Our report establishes that transfer of allo-antigen primed Treg cells along with allogeneic Lin− BMCs in a liver regeneration model of HA mice allows engraftment of BM-derived endothelial progenitor cells in liver, synthesis of FVIII by donor-derived cells, and subsequent correction of bleeding phenotype. Engraftment of allogeneic cells in the liver was possible because of systemic immune suppression and reduction in inflammatory reactions in the liver, the latter of which promotes generation of allo-antigen-specific transplantation tolerance. Furthermore, donor BM-derived hepatocytes play an important role in regeneration of injured liver parenchyma.
Bone marrow cell
Bovine serum albumin
Carboxyfluorescein succinimidyl ester
Enhanced green fluorescent protein
Factor VIII light chain
Hemophilia A mice transplanted with allogeneic cells
Hemophilia A mice transplanted with allogeneic and regulatory T cells
Liver sinusoidal endothelial cell
Major histocompatibility complex
Mesenchymal stem cell
- nTreg :
Naïve regulatory T
Polymerase chain reaction
- sTreg :
Sensitized regulatory T
- Treg :
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The authors thank Vikash Kumar for providing technical assistance in flow cytometry-based studies and Kapil Manglani for acquiring images in confocal microscope. The last author is grateful to Director, National Institute of Immunology, for providing financial support to the work.
The authors declare that they have no competing interests.
VK contributed to conception and design of experiments; performed all transplantation experiments, in vitro and in vivo characterization of Treg cells, molecular and cellular analyses, FVIII assay and functional tests, and histopathology; analysed and interpreted data; and wrote the manuscript. SK designed and performed some Treg transplantation experiments and conducted the FVIII assay and functional tests. PB contributed to histopathology of liver. PN contributed to macroscopic examination of systemic allo-reactions and interpretation of results. AM contributed to conception and design and to manuscript writing. All authors read and approved the final manuscript.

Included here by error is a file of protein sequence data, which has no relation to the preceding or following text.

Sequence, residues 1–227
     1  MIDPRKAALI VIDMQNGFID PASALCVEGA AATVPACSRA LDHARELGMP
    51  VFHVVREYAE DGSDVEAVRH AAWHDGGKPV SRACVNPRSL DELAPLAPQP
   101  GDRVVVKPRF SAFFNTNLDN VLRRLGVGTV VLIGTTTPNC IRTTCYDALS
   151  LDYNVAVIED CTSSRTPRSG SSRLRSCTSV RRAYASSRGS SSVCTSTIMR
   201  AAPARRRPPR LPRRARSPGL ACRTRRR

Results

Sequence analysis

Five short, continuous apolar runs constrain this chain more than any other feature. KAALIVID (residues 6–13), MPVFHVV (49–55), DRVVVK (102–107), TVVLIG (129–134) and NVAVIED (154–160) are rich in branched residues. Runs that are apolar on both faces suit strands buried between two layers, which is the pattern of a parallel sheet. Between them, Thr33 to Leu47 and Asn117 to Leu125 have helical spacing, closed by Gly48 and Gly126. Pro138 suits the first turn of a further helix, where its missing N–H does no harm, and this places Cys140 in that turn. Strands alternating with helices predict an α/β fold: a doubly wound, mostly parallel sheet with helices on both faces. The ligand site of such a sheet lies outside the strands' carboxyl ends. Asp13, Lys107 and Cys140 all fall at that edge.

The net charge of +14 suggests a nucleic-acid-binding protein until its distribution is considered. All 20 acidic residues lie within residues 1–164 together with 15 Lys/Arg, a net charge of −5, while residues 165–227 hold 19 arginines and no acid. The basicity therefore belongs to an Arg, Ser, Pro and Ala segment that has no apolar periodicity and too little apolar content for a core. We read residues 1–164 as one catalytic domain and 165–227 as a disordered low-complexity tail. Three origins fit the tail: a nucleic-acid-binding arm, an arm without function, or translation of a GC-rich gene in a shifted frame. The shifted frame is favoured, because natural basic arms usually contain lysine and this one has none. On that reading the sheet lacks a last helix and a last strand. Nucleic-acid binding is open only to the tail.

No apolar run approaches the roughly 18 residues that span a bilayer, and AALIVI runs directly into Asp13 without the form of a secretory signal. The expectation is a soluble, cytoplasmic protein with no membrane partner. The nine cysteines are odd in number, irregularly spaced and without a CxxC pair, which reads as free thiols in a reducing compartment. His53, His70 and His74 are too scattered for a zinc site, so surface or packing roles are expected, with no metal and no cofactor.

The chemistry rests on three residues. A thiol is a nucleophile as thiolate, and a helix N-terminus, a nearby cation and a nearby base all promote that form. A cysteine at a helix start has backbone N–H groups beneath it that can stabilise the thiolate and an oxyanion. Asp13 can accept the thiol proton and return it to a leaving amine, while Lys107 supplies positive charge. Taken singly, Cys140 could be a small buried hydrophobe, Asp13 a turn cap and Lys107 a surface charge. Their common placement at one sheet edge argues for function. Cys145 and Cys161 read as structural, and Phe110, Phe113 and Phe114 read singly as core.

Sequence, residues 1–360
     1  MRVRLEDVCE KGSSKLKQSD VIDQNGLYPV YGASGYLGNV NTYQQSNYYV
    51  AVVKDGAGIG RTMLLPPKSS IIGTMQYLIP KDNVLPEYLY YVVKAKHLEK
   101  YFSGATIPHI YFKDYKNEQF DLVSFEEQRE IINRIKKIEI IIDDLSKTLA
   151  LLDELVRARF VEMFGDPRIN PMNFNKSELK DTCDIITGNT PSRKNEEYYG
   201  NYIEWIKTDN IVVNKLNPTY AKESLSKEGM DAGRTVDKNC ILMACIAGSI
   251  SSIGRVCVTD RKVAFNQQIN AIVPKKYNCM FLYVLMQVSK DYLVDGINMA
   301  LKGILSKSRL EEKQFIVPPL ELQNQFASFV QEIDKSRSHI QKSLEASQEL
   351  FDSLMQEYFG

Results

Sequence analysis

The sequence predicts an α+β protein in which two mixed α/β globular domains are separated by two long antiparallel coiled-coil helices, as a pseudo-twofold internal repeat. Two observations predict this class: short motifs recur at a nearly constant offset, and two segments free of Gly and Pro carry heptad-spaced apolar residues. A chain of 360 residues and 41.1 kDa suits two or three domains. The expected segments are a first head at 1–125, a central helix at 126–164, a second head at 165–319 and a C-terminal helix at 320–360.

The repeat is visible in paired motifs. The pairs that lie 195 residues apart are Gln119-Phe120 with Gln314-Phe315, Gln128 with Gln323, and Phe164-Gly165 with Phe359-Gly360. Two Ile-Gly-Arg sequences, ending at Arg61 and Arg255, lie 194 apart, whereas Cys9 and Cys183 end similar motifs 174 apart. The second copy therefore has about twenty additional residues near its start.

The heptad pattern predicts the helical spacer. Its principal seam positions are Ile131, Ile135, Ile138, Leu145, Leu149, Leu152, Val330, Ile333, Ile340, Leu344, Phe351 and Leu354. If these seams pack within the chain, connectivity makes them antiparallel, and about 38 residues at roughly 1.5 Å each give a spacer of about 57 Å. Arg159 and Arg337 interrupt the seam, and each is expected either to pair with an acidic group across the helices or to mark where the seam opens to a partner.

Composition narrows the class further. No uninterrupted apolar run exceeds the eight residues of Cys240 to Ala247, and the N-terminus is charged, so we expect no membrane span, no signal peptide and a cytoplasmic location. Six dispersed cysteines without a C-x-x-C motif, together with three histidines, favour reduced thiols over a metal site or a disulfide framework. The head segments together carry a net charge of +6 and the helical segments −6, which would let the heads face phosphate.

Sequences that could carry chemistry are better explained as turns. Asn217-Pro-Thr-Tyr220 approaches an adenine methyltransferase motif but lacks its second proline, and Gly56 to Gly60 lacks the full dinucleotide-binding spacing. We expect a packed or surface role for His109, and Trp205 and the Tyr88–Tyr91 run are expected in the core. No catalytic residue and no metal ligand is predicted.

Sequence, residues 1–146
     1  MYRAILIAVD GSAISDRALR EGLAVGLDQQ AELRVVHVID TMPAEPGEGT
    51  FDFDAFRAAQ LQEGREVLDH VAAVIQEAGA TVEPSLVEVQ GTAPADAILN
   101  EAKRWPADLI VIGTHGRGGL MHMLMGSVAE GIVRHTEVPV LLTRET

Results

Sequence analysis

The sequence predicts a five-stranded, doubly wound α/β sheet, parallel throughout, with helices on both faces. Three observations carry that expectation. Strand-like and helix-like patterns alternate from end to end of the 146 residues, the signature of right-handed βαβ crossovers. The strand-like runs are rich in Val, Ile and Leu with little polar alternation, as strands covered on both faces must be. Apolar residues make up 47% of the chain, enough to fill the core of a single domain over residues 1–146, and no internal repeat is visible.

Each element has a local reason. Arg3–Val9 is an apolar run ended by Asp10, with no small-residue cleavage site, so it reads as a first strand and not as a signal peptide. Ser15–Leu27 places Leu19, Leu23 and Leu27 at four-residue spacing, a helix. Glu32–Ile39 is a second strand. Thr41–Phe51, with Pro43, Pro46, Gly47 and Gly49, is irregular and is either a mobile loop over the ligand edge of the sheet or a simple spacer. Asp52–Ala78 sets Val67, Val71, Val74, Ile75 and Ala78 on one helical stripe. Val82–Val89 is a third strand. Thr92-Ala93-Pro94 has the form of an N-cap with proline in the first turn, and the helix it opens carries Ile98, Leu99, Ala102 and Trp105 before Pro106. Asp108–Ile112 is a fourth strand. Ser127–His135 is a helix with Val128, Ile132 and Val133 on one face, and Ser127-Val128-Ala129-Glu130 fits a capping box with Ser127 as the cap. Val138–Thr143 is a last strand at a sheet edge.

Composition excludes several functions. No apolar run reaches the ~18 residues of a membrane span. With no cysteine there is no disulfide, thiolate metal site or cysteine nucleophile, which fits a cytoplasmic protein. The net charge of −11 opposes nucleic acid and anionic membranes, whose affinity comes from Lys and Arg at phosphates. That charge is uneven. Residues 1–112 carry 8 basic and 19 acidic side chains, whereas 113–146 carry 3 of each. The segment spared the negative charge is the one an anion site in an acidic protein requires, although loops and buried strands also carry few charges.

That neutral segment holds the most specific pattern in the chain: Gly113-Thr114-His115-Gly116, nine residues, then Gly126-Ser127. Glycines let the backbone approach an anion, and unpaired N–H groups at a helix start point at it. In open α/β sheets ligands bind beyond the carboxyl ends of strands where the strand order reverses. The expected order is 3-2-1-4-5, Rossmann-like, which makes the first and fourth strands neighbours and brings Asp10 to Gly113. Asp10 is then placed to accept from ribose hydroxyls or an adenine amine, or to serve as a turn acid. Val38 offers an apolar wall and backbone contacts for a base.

Histopathological scoring of inflammatory reactions in liver of transplanted mice. HAT-A hemophilia A mice transplanted with allogeneic cells, HAT-AT hemophilia A mice transplanted with allogeneic and regulatory T cells. (DOC 60 kb)
Histopathology of liver sections after 24 h of acetaminophen-induced injury. (TIFF 1189 kb)
Expression of Foxp3 in naïve (nTreg) and allo-sensitized (sTreg) regulatory T cells. (TIFF 523 kb)
Donor-derived non-parenchymal cells in HAT-AT liver. a Time course analysis of GFP+ donor cells in non-parenchymal cells of HAT-AT mice. b Time course analysis of GFP+ donor-derived endothelial cells in non-parenchymal cells of HAT-AT mice. GFP green fluorescence protein, HAT-AT hemophilia A mice transplanted with allogeneic and regulatory T cells. (TIFF 643 kb)
Proliferation of endothelial cells in HAT-AT liver after 5 and 10 days of transplantation. Proliferating cells (Ki67+) were found to be present in both host and donor-derived fractions of endothelial cells. HAT-AT hemophilia A mice transplanted with allogeneic and regulatory T cells. (TIFF 733 kb)
Expression of FVIII mRNA in liver and bone marrow cells of wild-type mice. Fold change calculated with respect to expression in Lin− BMCs. BMC bone marrow cell, FVIII factor VIII, LSEC liver sinusoidal endothelial cell. (*) P < 0.05. (TIFF 183 kb)
DiI-Ac-LDL (*) P < 0.05 uptake in WT LSECs and donor BMD ECs from HAT-AT liver. BMD-EC bone marrow-derived endothelial cell, DiI-Ac-LDL 1,19-dioctadecyl-3,3,39,39-tetramethylindo-carbocyanine perchlorate, HAT-AT hemophilia A mice transplanted with allogeneic and regulatory T cells, WT LSEC wild-type liver sinusoidal endothelial cell. (TIFF 491 kb)